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Jitter Correlation to Audibility

Discussion in 'Sound Science' started by robertsong, Jun 19, 2013.
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  1. nick_charles Contributor
    LOL - JA cut the graph off at that point and expanded it to make the result more dramatic I guess. Owners of that device by and large love it and it received good subjective reviews in several places - what can we tell from this  - shrug !
  2. SharpEars
    With everyone and their grandma using USB outs from computer to DAC, I wonder how bad the USB jitter is. Have there been any articles that looked at USB jitter, or jitter present in Asynchronous USB implementations - the latest fad.
  3. esldude
    Well this was the article I actually had in mind.  Had something of a hall of shame for high jitter levels with the McIntosh being worst. The Pioneer, Playstation and others are in this list.
  4. bigshot
    Of course, even the worst there most likely has inaudible jitter in normal use.
  5. cjl
    The graph cuts off at -70 because in the vast majority of cases, if you showed the full scale from -120dB or so up to 0dB, you wouldn't really be able to see the effects of jitter in the graph at all. You have to zoom in on the quiet areas to see any significant difference at all between most modern pieces of equipment. Admittedly, that isn't the case with this rather appalling example, but they probably want to keep their graphs consistent between reviews. They're pretty clear what the signal is in the caption too, so it doesn't seem like they're intentionally trying to deceive.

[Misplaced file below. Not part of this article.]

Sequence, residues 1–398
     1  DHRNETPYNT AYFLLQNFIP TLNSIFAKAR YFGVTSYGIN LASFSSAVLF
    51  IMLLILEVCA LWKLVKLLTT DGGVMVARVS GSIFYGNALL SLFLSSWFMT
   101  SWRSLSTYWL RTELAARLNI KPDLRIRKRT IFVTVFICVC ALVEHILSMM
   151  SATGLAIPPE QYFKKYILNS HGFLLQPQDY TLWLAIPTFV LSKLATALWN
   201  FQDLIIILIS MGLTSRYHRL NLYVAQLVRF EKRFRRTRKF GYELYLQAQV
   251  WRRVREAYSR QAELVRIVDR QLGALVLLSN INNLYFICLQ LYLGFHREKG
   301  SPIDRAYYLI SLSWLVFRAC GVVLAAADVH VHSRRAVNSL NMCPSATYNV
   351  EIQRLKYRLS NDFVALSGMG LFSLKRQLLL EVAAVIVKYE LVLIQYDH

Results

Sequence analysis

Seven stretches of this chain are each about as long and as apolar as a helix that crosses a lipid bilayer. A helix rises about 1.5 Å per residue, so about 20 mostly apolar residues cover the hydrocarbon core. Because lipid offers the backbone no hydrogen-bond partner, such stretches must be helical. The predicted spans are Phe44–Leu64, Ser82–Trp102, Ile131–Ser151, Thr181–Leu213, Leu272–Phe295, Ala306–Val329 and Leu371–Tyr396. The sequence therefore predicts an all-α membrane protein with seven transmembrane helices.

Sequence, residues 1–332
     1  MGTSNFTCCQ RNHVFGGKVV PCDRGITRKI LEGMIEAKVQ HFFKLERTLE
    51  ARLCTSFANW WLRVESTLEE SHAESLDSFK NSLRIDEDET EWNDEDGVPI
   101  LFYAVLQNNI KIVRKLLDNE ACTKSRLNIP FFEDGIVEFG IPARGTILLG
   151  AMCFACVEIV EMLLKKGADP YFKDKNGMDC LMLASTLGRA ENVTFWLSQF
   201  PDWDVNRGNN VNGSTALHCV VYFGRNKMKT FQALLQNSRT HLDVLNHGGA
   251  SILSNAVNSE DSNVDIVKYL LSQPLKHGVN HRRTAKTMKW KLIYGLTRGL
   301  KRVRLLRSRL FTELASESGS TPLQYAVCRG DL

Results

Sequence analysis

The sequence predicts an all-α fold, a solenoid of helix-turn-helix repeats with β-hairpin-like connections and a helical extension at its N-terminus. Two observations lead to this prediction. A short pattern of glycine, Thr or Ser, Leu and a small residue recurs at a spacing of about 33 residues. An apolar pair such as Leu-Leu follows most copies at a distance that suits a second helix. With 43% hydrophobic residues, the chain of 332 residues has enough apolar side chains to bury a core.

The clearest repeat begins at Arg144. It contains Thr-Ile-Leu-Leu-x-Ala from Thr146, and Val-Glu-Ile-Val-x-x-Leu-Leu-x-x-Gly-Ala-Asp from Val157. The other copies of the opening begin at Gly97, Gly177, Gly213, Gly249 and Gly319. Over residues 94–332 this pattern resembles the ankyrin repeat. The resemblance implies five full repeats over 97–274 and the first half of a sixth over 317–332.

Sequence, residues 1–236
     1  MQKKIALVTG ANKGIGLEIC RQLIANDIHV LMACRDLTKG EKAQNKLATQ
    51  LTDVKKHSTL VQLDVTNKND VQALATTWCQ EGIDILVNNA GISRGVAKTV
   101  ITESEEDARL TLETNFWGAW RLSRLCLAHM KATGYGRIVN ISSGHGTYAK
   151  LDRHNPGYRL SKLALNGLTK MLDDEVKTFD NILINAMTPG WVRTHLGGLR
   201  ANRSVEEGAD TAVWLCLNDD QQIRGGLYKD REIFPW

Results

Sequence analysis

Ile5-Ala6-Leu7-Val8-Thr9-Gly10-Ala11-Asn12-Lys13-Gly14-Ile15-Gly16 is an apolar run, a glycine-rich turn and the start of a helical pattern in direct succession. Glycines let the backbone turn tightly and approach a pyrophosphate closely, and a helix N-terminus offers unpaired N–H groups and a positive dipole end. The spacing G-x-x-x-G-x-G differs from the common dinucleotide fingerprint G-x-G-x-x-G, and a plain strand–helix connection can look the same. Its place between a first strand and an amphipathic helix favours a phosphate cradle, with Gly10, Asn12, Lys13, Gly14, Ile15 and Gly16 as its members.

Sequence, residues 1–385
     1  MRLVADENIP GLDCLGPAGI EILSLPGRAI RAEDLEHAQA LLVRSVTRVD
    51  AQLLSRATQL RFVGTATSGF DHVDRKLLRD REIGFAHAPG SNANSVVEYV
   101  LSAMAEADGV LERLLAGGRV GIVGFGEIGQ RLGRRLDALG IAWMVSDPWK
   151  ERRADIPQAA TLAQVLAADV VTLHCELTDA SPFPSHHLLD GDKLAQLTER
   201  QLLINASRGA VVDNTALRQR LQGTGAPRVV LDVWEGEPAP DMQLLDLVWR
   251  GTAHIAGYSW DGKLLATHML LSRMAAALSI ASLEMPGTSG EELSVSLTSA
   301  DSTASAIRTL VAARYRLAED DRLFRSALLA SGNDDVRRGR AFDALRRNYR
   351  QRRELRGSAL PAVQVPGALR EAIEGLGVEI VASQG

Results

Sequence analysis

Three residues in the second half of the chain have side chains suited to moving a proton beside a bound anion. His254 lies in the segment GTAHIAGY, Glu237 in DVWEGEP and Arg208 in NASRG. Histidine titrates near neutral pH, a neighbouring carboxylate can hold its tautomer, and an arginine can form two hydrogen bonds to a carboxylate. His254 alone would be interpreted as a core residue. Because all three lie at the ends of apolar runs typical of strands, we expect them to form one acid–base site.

6. bigshot
    Most people don't know what -70dB (doesn't) sound like.
  7. esldude

    Well everyone knows jitter is responsible for most audiophile problems.  Clearly audible.  -70 db is about 40 db more than jitter so we are talking about a serious issue there don't ya think?   [​IMG]
  8. castleofargh Contributor

    hirez sounds better !
    so obviously sounds from -96 to -144db are clearly audible, being a good deal of the "better" part.
    so -70DB is super loud!  QED
  9. blades
    No I think hearing bias is responsible for most audiophile problems.
  10. esldude

    Surely if that were true there would be lots of audiophile products available to fix hearing bias.  As I don't see such products in the important magazines your premise would appear to be quite faulty.  [​IMG]
  11. bigshot
    Booze makes every system sound better!
  12. castleofargh Contributor
    I use an avant garde concept that says: if there isn't a problem stop trying to solve it!
    but booze works fine too.
  13. blades
    Two problems with that concept.  The first is that hearing bias occurs inside the brain.  The only products that affect what goes on inside the brain are illegal without a prescription.  The second is that audiophiles don't accept the existence of hearing bias or are unaware of it.
  14. bigshot
    If they don't realize they have bias, and it's in their brain... that means we have to slip them a mickey while they aren't looking.
  15. esldude

    Au contraire, there are many products that effect what goes on inside the brain while being outside of it.  Thick anodized front plate, expensive brand name engraved upon it for one.  Literature to pre-condition the brain when listening occurs.  Mutual brain biasing camaraderie amongst audiophile groups.  Not even a scratch upon a scratch of the list of such things.
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